Figuring out the timing of the spring striper migration will help improve your success.
Finding stripers during the spring migration can be a challenge as the fish are on the move and often cover long distances in short periods of time. To level the playing field, it’s a wise idea to create a plan and execute it to increase the overall odds of finding and catching bass during the striper migration. A proven method is to strategically intercept stripers on their way up the Atlantic coast by taking the time to learn the areas where they stage and the chokepoints within those locations.
Why do stripers stage?
Staging simply describes when striped bass remain in one area for a period of time. Often, “staging” fish are taking advantage of optimal conditions to feed in a specific location. Strong water movement, comfortable water temperatures, robust concentrations of bait, strong tides, wind direction, and other factors contribute to where they stop to feed.
What is a chokepoint?
A chokepoint is a narrow area where stripers pass through on their way to reach another location. A prime example of a chokepoint is Buzzards Bay and the Cape Cod Canal, a narrow passageway with large volumes of water moving key nutrients and baitfish, making it one of the best spring striper fishing locations in New England.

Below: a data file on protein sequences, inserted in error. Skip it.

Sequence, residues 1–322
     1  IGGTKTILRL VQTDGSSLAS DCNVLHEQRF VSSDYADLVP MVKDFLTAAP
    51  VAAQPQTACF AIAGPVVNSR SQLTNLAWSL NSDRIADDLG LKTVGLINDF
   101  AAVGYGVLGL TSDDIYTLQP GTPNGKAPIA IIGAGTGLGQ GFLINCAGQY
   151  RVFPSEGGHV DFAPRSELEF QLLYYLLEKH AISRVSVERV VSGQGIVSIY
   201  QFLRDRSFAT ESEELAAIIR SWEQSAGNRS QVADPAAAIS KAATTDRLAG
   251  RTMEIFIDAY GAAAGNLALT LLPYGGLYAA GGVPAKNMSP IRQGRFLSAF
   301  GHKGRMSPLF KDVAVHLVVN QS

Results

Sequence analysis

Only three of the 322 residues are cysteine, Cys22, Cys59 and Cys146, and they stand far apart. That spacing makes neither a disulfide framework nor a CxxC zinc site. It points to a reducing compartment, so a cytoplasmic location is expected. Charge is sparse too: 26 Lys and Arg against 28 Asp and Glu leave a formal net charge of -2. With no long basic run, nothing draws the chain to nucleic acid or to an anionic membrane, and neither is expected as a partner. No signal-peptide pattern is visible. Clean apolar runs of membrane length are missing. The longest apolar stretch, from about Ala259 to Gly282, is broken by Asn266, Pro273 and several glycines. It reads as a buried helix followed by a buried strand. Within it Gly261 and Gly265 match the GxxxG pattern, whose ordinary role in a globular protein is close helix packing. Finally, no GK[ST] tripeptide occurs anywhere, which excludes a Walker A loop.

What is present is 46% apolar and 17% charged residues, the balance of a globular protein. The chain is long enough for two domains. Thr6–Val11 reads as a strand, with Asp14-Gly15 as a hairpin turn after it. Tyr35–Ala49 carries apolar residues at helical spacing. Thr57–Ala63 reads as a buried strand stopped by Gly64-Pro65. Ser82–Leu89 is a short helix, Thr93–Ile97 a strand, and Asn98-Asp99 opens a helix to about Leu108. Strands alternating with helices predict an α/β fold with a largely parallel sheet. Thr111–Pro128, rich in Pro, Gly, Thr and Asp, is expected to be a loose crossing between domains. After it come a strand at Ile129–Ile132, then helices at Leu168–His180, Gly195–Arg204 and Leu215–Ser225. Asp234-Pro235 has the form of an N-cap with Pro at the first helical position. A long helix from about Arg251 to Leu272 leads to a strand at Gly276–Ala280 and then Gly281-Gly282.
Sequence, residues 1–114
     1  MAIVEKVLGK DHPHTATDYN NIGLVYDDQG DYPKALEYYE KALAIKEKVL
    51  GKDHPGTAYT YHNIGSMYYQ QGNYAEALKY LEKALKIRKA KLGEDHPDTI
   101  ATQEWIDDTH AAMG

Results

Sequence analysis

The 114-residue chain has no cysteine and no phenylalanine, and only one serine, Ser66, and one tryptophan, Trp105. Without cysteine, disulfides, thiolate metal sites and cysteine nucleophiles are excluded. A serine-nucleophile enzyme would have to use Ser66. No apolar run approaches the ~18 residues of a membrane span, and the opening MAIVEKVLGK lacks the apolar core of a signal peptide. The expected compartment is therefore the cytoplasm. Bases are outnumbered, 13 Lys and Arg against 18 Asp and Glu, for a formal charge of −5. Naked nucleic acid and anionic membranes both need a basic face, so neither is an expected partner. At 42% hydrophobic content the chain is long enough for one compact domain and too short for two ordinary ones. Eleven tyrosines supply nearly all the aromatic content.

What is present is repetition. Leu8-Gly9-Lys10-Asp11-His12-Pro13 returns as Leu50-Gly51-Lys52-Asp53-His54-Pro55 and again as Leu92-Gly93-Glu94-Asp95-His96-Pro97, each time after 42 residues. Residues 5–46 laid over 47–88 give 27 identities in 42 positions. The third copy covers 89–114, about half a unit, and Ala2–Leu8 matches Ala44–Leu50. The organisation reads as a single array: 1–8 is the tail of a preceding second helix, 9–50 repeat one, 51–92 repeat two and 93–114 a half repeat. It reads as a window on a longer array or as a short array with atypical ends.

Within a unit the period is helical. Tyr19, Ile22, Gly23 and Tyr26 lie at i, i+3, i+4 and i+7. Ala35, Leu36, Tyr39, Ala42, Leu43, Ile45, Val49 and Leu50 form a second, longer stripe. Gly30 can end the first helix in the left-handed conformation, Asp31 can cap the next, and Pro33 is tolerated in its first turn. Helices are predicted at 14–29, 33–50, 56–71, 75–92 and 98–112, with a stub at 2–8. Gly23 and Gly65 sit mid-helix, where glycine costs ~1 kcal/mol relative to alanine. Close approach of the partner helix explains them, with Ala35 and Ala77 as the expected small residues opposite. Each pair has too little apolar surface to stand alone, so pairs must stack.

Spring Striper Migration Hotspots
When stripers are moving during the migration, they’re difficult to stay on top of. You can increase your odds by fishing areas where large numbers of striped bass gather. Bays and rivers have the largest concentrations of stripers in the spring, making it possible for shore, kayak, and boat anglers to take part in the action. The following 7 locations are well known for producing large numbers of bass and also big fish.
Raritan Bay, New Jersey
The first major stop on the spring striper migration for bass that will eventually spawn in the Hudson River is Raritan Bay, where thousands of stripers stage to feed before they enter the Hudson.
Bass from 20 inches to 20 pounds and larger slide onto the shallow Raritan Bay flats in late March and early April, staging until the water temperatures are optimal for spawning in the Hudson.
Jamaica Bay, New York
Jamaica Bay in New York plays a large part in the spring striper migration for two reasons: its proximity to the mouth of the Hudson River and because it offers two things that migrating striped bass seek out in spring, warmer water, and abundant food.
J-Bay as some call it, sits on the western tip of Long Island, directly south of Brooklyn and Queens. It offers 10,000 acres of prime striper fishing in late April and May.
Western Long Island Bays
Spring striper fishing begins to pick up in western Long Island Sound in April as shallow backwaters warm and schoolie striped bass get active. As the migration progresses, more bass will move in and there is even the chance for large Hudson River spawning-size bass to stage in bays and harbors to feed either before or after spawning.
Hudson River, New York